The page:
QUT ePrints

Barriers to the acceptance of road safety programmes among rural road users : developing a brief intervention

Sticher, Gayle (2009) Barriers to the acceptance of road safety programmes among rural road users : developing a brief intervention. PhD thesis, Queensland University of Technology.

Abstract

Motorised countries have more fatal road crashes in rural areas than in urban areas. In Australia, over two thirds of the population live in urban areas, yet approximately 55 percent of the road fatalities occur in rural areas (ABS, 2006; Tziotis, Mabbot, Edmonston, Sheehan & Dwyer, 2005). Road and environmental factors increase the challenges of rural driving, but do not fully account for the disparity. Rural drivers are less compliant with recommendations regarding the “fatal four” behaviours of speeding, drink driving, seatbelt non-use and fatigue, and the reasons for their lower apparent receptivity for road safety messages are not well understood.

Countermeasures targeting driver behaviour that have been effective in reducing road crashes in urban areas have been less successful in rural areas (FORS, 1995). However, potential barriers to receptivity for road safety information among rural road users have not been systematically investigated.

This thesis aims to develop a road safety countermeasure that addresses three areas that potentially affect receptivity to rural road safety information. The first is psychological barriers of road users’ attitudes, including risk evaluation, optimism bias, locus of control and readiness to change. A second area is the timing and method of intervention delivery, which includes the production of a brief intervention and the feasibility of delivering it at a “teachable moment”. The third area under investigation is the content of the brief intervention. This study describes the process of developing an intervention that includes content to address road safety attitudes and improve safety behaviours of rural road users regarding the “fatal four”.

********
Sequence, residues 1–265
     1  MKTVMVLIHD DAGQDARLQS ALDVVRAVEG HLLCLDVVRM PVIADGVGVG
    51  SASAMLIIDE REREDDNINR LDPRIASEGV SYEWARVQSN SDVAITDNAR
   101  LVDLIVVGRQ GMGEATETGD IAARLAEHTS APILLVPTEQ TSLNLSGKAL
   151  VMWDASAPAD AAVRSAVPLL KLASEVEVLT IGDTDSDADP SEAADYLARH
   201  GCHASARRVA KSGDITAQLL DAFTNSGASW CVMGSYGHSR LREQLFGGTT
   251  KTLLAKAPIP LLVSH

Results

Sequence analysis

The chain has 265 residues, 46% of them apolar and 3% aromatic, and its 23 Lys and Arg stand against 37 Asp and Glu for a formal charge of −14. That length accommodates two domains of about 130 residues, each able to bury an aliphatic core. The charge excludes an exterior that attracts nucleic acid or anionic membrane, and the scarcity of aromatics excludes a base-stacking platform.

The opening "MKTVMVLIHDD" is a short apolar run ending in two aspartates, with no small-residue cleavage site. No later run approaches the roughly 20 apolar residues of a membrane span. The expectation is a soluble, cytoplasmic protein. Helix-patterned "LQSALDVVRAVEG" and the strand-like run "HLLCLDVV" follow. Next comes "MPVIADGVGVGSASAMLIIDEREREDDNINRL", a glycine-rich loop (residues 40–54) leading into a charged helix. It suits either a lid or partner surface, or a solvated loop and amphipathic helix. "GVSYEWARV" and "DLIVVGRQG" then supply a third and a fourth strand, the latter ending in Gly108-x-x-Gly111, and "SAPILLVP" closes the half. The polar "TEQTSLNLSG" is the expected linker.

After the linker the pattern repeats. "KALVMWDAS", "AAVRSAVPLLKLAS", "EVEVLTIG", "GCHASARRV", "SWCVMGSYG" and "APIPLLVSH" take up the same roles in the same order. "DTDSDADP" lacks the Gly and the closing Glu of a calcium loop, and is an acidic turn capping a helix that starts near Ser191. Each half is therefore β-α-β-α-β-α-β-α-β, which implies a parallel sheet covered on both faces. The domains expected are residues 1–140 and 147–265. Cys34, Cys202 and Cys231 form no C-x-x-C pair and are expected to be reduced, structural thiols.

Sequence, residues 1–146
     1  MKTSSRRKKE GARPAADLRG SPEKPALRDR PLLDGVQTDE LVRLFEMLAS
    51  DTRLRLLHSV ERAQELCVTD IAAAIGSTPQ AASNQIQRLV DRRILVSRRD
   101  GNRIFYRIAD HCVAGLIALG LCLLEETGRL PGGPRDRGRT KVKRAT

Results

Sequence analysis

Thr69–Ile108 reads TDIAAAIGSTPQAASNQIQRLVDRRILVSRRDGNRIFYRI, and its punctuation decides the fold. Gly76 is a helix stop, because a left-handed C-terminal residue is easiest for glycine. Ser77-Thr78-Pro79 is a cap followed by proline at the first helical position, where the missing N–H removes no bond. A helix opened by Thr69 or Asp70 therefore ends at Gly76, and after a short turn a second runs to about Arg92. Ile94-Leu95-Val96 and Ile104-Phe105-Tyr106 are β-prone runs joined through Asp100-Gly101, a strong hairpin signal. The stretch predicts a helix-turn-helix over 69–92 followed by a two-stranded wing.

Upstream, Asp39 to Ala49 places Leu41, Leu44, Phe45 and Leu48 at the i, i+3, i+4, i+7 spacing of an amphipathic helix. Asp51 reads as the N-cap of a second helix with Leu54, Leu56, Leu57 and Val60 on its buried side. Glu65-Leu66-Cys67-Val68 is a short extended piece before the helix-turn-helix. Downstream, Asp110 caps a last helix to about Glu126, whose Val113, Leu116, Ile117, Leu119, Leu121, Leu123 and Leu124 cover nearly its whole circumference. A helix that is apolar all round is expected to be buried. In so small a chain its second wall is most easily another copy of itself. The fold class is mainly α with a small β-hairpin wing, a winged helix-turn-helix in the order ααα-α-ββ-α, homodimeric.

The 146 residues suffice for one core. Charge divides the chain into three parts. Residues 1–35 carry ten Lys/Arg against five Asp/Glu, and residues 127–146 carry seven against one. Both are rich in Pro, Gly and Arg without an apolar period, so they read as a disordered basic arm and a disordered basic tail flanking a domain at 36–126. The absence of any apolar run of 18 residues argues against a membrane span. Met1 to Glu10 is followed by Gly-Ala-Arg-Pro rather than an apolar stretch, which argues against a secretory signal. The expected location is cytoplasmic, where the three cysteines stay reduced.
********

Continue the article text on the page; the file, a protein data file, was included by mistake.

The research commences with a review of the literature on rural road crashes, brief interventions, intervention design and implementation, and potential psychological barriers to receptivity. This literature provides a rationale for the development of a brief intervention for rural road safety with a focus on driver attitudes and behaviour.

The research is then divided into four studies. The primary aim of Study One and Study Two is to investigate the receptivity of rural drivers to road safety interventions, with a view to identifying barriers to the efficacy of these strategies.

Impact and interest:

Citation countsare sourced monthly from Scopus and Web of Science® citation databases.

These databases contain citations from different subsets of available publications and different time periods and thus the citation count from each is usually different. Some works are not in either database and no count is displayed. Scopus includes citations from articles published in 1996 onwards, and Web of Science® generally from 1980 onwards.

Citations counts from the Google Scholar™ indexing service can be viewed at the linked Google Scholar™ search.

Full-text downloads:

3,646 since deposited on 11 Feb 2010
566 in the past twelve months

Full-text downloadsdisplays the total number of times this work’s files (e.g., a PDF) have been downloaded from QUT ePrints as well as the number of downloads in the previous 365 days. The count includes downloads for all files if a work has more than one.

ID Code: 30372
Item Type: QUT Thesis (PhD)
Supervisor: Sheehan, Mary, Haworth, Narelle, & Siskind, Victor
Keywords: brief intervention, attitudes, rural, road safety, optimism bias, locus of control, risk perception, stage of change, teachable moment, alcohol, hospital, motorcycle
Divisions: Current > Research Centres > Centre for Accident Research & Road Safety - Qld (CARRS-Q)
Institution: Queensland University of Technology
Deposited On: 11 Feb 2010 11:03
Last Modified: 29 Oct 2011 05:55

Export: EndNote | Dublin Core | BibTeX

Repository Staff Only: item control page